On May 4th, New Jersey shoppers found themselves carrying home unbagged goods from the supermarket, unless they happened to have their own or were willing to plunk down as much as $1.39 for a reusable bag. The “Bag Ban” law, enacted on January 4, 2020 by Governor Phil Murphy and the New Jersey Legislature is not the only one of its kind but has been called one of the most progressive bag ban laws in the country.
The law states that grocery stores, restaurants, schools, delis, movie theaters, food trucks, retail stores and other businesses can no longer hand out or sell single-use plastic bags. It also restricts grocery stores from providing or selling paper bags. Paper bags will still be allowed at small stores like boutiques, bodegas and convenience stores.
In addition, eateries and stores in the Garden State must stop providing or selling polystyrene products like cups and plates — commonly referred to as Styrofoam. Plastic straws, while not banned, can only be provided to customers at cafes and other businesses if requested.
New Jersey isn’t the first state to impose a state-enforced ban and likely won’t be the last. California, Connecticut, Delaware, Hawaii, Maine, New York, Oregon, and Vermont have also enacted bans, with California being the first in August of 2014 with its ban originally focused on large retail stores. Countries in Europe and other modernized parts of the world enacted legislation well in advance of America.
The case behind this trending legislation is the need for corporate responsibility related to the volume of plastic passing from retail to consumer and then into the environment. Plastic that is not recycled or incinerated may end up in a landfill, or very well could become litter, which is proven to make its way into neighboring waters where it then threatens ocean life.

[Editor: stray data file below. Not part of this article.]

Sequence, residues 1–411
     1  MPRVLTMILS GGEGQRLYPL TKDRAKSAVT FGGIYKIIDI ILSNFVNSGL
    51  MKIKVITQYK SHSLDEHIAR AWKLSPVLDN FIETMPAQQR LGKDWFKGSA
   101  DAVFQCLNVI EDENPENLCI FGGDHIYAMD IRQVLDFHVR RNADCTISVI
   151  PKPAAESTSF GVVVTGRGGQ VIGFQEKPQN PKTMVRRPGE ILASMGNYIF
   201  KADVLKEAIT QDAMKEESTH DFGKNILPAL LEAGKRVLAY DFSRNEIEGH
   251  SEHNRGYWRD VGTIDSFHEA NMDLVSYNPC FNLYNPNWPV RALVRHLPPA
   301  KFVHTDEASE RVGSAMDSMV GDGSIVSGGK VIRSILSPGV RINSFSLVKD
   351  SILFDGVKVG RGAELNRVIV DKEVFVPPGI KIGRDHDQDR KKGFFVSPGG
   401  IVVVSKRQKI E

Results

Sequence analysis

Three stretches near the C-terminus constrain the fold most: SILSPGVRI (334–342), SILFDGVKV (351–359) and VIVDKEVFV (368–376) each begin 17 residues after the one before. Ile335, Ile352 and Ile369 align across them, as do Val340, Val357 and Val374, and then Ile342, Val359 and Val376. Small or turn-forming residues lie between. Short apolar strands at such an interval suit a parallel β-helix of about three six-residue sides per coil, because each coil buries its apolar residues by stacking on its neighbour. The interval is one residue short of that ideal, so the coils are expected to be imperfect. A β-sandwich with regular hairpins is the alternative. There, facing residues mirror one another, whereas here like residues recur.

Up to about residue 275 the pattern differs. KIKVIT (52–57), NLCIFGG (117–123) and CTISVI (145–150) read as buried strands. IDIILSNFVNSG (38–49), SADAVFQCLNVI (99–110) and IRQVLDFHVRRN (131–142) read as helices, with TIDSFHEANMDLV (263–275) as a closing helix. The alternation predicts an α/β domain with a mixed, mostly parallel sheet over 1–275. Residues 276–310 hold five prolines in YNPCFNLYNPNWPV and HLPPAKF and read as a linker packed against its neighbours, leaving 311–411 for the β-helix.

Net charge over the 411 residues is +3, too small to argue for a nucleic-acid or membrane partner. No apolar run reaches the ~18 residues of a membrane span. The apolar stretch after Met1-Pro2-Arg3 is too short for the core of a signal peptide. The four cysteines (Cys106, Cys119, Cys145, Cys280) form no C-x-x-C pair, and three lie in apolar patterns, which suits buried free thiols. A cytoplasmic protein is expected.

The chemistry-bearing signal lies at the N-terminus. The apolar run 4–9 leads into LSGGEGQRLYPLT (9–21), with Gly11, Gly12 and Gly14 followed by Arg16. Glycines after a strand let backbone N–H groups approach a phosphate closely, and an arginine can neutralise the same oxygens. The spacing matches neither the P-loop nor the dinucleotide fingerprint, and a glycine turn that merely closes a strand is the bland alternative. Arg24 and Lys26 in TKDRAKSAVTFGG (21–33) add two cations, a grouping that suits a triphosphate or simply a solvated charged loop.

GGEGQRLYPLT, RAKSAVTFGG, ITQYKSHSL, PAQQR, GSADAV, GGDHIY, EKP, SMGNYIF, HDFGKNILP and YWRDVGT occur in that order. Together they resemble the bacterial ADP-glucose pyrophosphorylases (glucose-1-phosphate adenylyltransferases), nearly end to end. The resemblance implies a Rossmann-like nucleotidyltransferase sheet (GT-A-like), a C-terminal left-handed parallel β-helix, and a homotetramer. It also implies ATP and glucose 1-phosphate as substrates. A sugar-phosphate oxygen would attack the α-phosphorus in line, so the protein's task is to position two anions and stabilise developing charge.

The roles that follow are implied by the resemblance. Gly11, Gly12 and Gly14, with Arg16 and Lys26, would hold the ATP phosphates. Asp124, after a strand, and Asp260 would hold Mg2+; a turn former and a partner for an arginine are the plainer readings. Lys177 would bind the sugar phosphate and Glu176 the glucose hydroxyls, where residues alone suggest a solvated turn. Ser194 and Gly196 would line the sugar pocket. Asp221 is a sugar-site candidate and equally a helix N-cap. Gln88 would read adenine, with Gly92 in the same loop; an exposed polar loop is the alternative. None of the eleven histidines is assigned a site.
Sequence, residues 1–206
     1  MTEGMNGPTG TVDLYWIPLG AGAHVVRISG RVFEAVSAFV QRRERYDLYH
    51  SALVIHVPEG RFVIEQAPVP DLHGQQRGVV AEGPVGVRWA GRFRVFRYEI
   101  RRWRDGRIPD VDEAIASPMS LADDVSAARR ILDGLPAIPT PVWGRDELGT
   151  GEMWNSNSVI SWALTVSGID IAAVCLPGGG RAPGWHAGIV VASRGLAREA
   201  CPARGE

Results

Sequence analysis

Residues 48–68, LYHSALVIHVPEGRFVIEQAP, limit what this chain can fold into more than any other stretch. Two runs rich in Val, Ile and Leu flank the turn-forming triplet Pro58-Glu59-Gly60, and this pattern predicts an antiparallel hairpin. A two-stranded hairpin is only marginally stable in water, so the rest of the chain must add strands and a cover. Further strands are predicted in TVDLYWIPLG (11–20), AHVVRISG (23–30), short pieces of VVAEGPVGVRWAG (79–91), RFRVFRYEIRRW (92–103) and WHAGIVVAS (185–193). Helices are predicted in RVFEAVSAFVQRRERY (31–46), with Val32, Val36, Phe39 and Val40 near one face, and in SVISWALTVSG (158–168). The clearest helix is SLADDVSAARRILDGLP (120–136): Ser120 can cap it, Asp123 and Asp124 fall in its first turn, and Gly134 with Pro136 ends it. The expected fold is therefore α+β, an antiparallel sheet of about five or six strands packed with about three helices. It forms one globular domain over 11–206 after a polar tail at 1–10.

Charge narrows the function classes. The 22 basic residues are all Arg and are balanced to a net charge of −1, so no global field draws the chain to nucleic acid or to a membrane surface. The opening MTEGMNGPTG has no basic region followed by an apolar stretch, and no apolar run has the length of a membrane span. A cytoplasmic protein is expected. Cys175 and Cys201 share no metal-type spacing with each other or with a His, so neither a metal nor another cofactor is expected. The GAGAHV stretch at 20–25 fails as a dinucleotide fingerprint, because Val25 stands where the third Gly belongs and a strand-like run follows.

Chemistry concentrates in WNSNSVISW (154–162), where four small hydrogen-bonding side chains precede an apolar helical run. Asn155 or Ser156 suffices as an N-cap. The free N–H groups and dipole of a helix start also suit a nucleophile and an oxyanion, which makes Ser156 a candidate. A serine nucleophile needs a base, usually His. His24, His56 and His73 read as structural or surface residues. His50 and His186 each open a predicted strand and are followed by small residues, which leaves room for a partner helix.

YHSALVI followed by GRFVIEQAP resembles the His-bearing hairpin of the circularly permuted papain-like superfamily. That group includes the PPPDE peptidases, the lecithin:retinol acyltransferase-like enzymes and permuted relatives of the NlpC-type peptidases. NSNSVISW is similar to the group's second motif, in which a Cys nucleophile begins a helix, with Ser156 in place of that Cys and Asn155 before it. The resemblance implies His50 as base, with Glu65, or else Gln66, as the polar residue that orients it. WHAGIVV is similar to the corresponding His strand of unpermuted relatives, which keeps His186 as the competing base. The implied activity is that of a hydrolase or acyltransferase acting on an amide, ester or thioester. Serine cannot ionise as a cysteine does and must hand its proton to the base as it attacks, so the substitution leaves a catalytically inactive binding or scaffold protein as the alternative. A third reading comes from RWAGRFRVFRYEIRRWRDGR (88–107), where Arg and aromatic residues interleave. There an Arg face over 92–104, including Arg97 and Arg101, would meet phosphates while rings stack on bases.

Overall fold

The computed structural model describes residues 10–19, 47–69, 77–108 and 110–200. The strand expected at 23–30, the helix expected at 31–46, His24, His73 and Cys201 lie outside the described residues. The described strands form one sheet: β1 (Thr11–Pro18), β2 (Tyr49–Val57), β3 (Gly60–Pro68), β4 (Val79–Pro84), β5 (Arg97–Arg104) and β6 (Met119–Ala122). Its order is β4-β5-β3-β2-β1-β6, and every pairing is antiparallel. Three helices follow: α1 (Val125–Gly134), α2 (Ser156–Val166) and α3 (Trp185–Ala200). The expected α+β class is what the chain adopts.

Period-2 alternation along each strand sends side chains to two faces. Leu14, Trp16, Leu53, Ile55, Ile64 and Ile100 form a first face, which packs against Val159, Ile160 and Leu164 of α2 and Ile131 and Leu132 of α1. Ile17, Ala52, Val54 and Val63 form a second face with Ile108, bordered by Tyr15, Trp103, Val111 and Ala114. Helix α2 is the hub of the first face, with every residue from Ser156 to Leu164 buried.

A recent New Jersey article reported customers doing everything from “dropping their items and going home,” to “saying they are glad to see their state stepping up to make a difference.” For retailers, resolving customer complaint to the best of their ability “just comes with the territory” says one local market owner, “We don’t have a choice in the matter,” he said. “We either comply or face hefty fines, in some cases as much as $5,000.”
And as far as the shoppers, fast-forward one month ahead now and things seem to be calming down. One recently interviewed was quoted saying, "It’s going to take some time getting used to, but my family and I are on board with doing what we can to cut waste and help out the environment.”
Evidence from other states suggests the consumer will ultimately adapt. It is too early to tell if these restrictions will have a material impact on retail sales.
For more information on plastics and ocean life, click here. Any opinions expressed in third-party published works are not necessarily the opinions of Spectas, a division of SMP Industries.